Relationship between Cognitive Impairment and Depressive Symptoms with Somatosensory Functions in Diabetic and Non-Diabetic Older Adults and Its Impact on Quality of Life

Abstract
Aging is an inevitable process that impacts the peripheral and central nervous systems and is considered one of the strongest risk factors for neurodegenerative diseases. In addition, when it also presents with diabetes mellitus, the risk of neurological damage may be further increased. This current study aimed to explore the relationships between peripheral sensory system decline and cognitive functions, the symptoms of depression, and quality of life (QoL) as metrics of central nervous system impairment in institutionalized older adults. A total of 95 individuals participated in this case-control study, which included diabetics and non-diabetics. The superficial sensory pathway was assessed in terms of thermal sensation, nociception, and non-discriminative touch, and the deep sensory pathway was evaluated by assessing vibration and light touch-pressure sensations. To assess function at the intellectual level, the Mini-Mental State Examination (MMSE) and Trail Making Test (TMT) cognitive functional tests were used, while the symptoms of depression and QoL were explored by employing the Yesavage Geriatric Depression Scale and EuroQol 5D questionnaire (EQ-5D), respectively. In the overall population analyses, altered thermal sensation was significantly associated with cognitive impairment (CI; p < 0.05). In turn, bivariate analyses and a binary logistic regression showed that the symptoms of depression and QoL were significantly related to altered vibratory sensation when assessed using a medical tuning fork (p < 0.05). In the group of diabetic patients, those with CI also had significantly lower thermal sensation (p < 0.05) and non-discriminative touch sensation, although this was only a trend (p = 0.055). Diabetics with depression had a significantly worse non-discriminative touch (p < 0.05) and vibratory sensation when tested with a tuning fork (p < 0.05). In addition, poorer QoL was associated with reduced sensitivity to heat (p < 0.05), light touch pressure (p < 0.05), and vibrations when assessed either with a tuning fork (p < 0.05) or a biothesiometer (p < 0.05). In contrast, no relationships were found between sensory functions and cognitive assessments in non-diabetic patients. These findings indicate that superficial sensitivity damage was related to CI, while deep sensation alterations were related to depression and poor QoL, with diabetes apparently further strengthening these relationships.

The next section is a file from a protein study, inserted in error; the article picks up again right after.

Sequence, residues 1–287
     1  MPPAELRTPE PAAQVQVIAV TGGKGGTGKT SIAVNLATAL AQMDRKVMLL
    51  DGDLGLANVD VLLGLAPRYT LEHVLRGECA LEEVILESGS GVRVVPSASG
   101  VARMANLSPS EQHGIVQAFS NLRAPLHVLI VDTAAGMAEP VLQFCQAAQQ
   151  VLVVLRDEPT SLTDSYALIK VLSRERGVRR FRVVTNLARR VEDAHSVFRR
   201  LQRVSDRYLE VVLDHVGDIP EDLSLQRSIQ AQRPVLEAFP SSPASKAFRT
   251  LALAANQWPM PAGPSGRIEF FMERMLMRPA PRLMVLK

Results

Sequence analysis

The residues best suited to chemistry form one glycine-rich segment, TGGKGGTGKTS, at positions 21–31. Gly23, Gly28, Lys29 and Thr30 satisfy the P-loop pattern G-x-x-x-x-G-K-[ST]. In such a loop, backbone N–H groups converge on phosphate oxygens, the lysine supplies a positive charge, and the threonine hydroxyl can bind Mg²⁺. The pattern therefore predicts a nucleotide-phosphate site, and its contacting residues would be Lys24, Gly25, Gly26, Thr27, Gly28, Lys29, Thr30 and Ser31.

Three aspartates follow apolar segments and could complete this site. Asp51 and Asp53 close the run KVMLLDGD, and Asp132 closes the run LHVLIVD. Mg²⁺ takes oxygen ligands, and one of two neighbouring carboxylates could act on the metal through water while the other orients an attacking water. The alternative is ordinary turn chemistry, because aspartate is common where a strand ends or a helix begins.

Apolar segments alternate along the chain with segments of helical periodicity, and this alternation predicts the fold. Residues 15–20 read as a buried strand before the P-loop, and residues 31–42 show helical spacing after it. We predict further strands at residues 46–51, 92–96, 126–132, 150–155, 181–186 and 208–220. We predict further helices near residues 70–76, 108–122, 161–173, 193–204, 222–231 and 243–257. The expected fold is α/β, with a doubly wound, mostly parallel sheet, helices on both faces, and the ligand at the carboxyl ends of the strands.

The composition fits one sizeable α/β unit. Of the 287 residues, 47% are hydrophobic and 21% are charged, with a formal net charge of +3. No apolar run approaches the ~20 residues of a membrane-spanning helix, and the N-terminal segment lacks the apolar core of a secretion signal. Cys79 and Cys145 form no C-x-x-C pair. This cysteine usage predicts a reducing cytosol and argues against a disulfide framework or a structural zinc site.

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Bibliographic reference
Sempere-Bigorra, Mar Julián Rochina, Iván Pérez Ros, Pilar Navarro Flores, Emmanuel Martínez Arnau, Francisco Miguel Cauli, Omar 2023 Relationship between Cognitive Impairment and Depressive Symptoms with Somatosensory Functions in Diabetic and Non-Diabetic Older Adults and Its Impact on Quality of Life Life-Basel 13(9) 1790 1 20